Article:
Joaquin Phoenix on the Struggles That He Has as an Actor

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Actor Joaquin Phoenix

“There’s not one approach. It depends on the scene” – Joaquin Phoenix

There are few “name” actors working today that are as enigmatic as Joaquin Phoenix — not only does he rarely pick roles, the roles he chooses tend to be so far out of the mainstream that his performances are always unique and interesting. In his latest film, You Were Never Really Here,  Phoenix plays an emotionally damaged man who uses his experience as a veteran to try and do some good in the world. The unfinished film first appeared at last year’s Cannes Film Festival, which resulted in Phoenix winning the Best Actor award. To promote its release in the United States, Phoenix opened up for an uncharacteristically candid interview with the Village Voice.

Though many actors of his stature — especially those who are or aspire to be directors themselves — are particular about how they appear on camera, Phoenix explains that he feels that actors ought not to look at a performance from a behind-the-camera perspective. He says:

“I think it’s a mistake sometimes, as an actor, to think about a movie from the filmmaker’s perspective. It’s hard not to be self-conscious, and it’s one of the struggles that you have as an actor. So, I don’t ask what size lens is there and how much of my body are you seeing. I just have to inhabit the space the way I feel is right. And how the filmmaker captures that or uses it is up to them. It was important to never feel certain of how I was going to behave. The crew was amazing — particularly the camera and sound department, you know, who have to basically follow you around and capture what it is you’re doing — but there really was this feeling that the moment you locked something in, it just started to die. So it felt like things would always have to change and you’d act differently. It was really important for the film and the energy of the character to work that way.”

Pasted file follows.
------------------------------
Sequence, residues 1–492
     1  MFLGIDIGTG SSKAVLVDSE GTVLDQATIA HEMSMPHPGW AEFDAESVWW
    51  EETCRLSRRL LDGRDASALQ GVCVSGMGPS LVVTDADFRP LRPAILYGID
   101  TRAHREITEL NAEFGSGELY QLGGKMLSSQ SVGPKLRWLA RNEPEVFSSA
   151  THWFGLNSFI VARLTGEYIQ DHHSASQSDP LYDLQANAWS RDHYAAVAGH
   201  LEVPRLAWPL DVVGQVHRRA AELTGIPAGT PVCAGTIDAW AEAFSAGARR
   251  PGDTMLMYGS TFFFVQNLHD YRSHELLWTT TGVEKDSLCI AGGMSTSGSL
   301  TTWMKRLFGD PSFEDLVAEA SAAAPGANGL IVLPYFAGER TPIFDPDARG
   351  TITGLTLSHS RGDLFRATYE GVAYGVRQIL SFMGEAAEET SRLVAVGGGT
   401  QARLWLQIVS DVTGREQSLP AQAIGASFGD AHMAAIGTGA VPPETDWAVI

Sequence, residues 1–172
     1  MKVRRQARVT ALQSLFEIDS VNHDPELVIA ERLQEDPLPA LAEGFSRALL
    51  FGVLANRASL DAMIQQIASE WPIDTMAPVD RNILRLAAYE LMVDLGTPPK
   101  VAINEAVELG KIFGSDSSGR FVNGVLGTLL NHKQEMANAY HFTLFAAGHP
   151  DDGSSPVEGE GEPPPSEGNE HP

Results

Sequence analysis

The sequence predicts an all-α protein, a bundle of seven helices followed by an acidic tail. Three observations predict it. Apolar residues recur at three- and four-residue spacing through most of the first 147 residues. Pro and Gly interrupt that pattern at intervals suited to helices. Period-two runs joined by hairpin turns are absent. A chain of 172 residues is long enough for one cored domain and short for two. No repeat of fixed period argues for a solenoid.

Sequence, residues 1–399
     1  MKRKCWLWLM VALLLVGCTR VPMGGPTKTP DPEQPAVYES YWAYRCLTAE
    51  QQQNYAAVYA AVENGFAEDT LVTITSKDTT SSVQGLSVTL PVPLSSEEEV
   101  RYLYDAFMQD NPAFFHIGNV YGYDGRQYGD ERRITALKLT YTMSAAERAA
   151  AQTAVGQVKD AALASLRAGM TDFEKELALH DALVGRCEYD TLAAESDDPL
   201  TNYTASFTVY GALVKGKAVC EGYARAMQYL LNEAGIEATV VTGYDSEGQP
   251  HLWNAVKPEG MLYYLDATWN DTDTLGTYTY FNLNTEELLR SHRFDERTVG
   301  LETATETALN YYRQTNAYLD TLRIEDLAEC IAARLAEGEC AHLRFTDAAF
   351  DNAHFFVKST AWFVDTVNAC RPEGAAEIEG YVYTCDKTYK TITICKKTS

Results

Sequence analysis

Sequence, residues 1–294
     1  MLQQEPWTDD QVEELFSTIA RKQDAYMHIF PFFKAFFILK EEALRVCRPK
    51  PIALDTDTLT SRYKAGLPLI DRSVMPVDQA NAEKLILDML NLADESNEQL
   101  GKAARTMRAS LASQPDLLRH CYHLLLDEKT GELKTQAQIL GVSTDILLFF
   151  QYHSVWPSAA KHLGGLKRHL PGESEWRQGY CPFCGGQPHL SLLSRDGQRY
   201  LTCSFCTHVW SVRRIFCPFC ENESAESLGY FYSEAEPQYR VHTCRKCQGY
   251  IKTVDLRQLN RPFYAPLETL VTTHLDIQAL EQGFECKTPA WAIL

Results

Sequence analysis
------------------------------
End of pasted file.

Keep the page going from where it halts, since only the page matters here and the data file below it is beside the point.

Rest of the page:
That means that Phoenix liberally gives credit for his performances to others who work on the film, since he admits that sometimes he doesn’t have much on his mind when he shoots a scene. He explains:

“Movies are strange, man. Sometimes, you hear the writer talk about it, and you read about some of this stuff. For example, we spoke to someone who actually does [hostage]extractions. He goes in with a team. Some of the stories that he told were impossible not to be affected by. But to be honest, sometimes you’re fuckin’ eatin’ Fritos, and you shoot a scene. [Laughs] And you want to take credit for stuff as an actor, but the truth is that it’s really the filmmaking, ultimately. Probably some of the greatest moments in movies the actor was just thinking what was for lunch. So, I don’t know, it’s hard to say. There are times where you feel affected by things, and it’s emotional. But there’s other times when you go, ‘This scene is shit, and this is not fuckin’ working.’ Then somebody tells you a year later, ‘I really love that scene. It felt powerful.’ And you’re like, ‘Oh, really?’ It’s probably different on every movie. And I think you learn something from every movie — even if the lesson is ‘Well, let’s not do that again.'”

Of course, just because Phoenix believes that he learns something from every movie doesn’t mean he has straight answers — in fact, he celebrates the aspect of acting for movies that allows him to make mistakes. He continues: